Date(s) - 10/30/2015 - 10/31/2015
Categories No Categories
Start Date: 10/30/2015
End Date: 10/31/2015
Temple University Center City
1515 Market Street
Taught by Tenko Raykov, Ph.D
Researchers in a wide range of disciplines are frequently involved in the development and revision of multiple-item measuring instruments, including scales, tests, inventories, questionnaires, surveys, subscales, and testlets. Scores obtained from these measuring instruments are usually employed in subsequent analyses that address substantive research questions. To a substantial degree, the quality of these instruments determines the extent to which the analyses and modeling efforts produce trustworthy results. To construct scales of high psychometric quality, researchers must engage in many activities aimed at building initial versions of the instruments and then repeatedly revising them to improve their performance.
This two-day seminar provides a comprehensive introduction to the field of scale construction and development in the social and behavioral sciences, especially as applied to empirical settings where measuring instruments consist of multiple components or items with no guessing. Throughout the seminar, many empirical examples are utilized from the clinical, educational and social disciplines. The popular latent variable modeling software Mplus is used for all the examples, along with a detailed discussion of the command syntax and interpretation of the output.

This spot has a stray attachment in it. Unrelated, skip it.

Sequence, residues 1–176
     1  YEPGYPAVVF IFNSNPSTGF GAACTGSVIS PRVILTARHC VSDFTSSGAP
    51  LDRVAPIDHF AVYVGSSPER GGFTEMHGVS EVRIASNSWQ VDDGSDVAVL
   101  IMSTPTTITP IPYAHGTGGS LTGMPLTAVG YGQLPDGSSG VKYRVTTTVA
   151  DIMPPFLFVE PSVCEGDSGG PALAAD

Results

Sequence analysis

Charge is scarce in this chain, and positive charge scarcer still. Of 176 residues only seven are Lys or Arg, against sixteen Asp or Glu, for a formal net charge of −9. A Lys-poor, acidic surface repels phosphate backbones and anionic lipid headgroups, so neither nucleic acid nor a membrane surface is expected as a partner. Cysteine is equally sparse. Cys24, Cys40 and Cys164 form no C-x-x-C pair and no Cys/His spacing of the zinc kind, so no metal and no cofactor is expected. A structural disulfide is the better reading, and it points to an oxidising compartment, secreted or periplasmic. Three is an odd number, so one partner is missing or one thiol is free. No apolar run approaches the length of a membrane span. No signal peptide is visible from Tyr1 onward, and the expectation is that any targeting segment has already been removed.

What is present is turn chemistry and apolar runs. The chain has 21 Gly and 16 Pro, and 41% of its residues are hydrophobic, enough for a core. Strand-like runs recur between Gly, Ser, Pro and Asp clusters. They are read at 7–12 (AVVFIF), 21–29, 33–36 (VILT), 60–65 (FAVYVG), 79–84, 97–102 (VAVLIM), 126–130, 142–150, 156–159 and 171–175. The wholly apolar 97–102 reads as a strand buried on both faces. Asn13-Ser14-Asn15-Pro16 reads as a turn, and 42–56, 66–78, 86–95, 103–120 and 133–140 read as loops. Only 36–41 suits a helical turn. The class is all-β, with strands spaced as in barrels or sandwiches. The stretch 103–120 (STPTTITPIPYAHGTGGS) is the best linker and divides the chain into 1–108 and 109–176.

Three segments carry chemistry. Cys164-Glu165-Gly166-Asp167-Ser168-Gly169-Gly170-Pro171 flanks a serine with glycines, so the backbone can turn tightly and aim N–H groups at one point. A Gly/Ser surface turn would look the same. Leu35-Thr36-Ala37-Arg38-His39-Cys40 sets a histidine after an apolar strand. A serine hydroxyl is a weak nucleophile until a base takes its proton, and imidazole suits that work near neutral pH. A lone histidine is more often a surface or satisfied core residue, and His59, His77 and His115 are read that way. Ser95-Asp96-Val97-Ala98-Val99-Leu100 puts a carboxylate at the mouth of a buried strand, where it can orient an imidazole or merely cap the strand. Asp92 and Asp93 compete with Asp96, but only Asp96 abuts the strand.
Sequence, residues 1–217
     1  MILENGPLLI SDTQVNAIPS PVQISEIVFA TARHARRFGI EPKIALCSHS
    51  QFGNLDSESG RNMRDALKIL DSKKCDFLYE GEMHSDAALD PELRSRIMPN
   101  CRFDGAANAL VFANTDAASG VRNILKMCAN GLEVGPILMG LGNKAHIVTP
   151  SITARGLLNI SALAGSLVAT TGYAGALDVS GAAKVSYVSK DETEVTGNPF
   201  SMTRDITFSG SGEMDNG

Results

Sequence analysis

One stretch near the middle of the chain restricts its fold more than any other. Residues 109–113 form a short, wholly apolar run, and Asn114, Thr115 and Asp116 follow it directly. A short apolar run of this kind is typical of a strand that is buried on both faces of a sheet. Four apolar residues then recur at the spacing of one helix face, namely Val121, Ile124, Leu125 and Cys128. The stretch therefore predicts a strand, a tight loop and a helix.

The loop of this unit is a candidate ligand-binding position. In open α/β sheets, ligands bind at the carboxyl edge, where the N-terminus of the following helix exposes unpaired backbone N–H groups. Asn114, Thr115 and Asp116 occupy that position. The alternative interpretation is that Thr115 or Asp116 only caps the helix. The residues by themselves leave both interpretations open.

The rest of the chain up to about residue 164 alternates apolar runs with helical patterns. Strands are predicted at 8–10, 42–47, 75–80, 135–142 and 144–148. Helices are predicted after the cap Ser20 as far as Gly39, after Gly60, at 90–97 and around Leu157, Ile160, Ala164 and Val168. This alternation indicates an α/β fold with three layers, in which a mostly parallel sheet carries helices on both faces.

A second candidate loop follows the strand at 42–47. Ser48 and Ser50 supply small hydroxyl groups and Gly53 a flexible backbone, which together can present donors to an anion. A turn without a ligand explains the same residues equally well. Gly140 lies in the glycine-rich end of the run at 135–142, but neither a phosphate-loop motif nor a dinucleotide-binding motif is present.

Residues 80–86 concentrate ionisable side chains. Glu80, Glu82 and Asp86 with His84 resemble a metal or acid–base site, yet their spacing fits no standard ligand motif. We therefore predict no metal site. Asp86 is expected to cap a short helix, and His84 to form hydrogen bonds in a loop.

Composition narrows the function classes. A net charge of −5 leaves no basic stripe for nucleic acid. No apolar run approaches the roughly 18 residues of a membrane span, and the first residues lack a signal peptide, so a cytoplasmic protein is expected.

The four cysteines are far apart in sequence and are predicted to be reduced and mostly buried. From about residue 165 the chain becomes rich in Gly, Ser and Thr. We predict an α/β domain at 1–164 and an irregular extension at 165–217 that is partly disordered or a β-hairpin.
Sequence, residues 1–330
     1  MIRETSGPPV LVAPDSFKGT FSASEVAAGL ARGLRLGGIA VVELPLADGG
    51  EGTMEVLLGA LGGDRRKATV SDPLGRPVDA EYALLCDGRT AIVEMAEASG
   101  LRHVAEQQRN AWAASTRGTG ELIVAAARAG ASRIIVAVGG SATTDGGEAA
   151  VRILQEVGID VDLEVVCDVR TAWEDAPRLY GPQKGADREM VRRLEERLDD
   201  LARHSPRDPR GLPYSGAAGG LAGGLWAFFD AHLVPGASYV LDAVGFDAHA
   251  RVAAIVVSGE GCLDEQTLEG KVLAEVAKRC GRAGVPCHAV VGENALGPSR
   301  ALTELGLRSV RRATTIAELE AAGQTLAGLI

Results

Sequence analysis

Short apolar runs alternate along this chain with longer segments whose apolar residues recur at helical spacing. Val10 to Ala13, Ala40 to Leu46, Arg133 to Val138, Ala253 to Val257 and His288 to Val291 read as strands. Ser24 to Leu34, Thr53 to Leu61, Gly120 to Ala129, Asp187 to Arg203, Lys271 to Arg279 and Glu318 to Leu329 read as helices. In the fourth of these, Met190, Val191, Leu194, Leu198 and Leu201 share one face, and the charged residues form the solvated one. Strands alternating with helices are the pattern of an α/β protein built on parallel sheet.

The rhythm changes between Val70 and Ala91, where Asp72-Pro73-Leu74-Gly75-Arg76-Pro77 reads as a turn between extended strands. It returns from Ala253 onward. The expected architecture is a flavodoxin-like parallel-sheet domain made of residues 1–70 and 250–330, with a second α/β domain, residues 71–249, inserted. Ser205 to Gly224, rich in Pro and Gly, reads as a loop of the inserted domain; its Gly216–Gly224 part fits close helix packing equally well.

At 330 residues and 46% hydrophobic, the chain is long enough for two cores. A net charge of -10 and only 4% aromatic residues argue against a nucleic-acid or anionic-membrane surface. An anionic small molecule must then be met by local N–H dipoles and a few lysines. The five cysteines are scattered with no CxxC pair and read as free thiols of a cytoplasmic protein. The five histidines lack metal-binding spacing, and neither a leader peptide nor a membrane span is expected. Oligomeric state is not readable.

Participants in this seminar can expect to come away with:
1. A nuanced understanding of the conceptual foundations and basic mathematical and statistical relationships underlying behavioral instrument construction and development.
2. The ability to understand, interpret and explain the output from statistical software for achieving the goals of psychometric scale construction and revision.
3. An appreciation of the advantages of a thorough study of the underlying latent structure of a tentative version of a multi-component instrument.
4. Practical tools and strategies for constructing an initial version of a scale.
5. Methods for revising a scale in order to achieve higher psychometric standards.
6. The ability to deal with issues arising in the practice of scale construction and development.